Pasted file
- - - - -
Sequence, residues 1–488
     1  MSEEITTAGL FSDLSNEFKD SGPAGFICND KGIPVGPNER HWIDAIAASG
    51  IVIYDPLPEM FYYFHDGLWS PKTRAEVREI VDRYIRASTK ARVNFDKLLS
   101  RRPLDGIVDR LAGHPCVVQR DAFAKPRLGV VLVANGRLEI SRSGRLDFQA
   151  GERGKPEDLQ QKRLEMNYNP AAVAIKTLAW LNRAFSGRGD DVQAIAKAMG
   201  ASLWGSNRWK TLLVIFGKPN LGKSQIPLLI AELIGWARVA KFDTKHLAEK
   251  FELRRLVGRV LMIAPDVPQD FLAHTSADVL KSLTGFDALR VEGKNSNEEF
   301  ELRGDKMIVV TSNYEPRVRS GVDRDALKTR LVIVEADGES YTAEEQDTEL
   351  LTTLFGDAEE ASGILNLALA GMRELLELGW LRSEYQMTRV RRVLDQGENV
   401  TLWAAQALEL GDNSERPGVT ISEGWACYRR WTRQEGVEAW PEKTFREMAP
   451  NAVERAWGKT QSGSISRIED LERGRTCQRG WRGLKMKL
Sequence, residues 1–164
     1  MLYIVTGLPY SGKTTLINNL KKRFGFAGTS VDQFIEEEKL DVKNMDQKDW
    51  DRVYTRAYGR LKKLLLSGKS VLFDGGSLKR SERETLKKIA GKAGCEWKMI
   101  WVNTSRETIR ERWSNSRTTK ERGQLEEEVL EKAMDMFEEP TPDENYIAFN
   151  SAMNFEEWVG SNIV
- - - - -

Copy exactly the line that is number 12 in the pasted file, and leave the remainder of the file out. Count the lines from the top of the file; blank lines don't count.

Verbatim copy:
Sequence, residues 1–164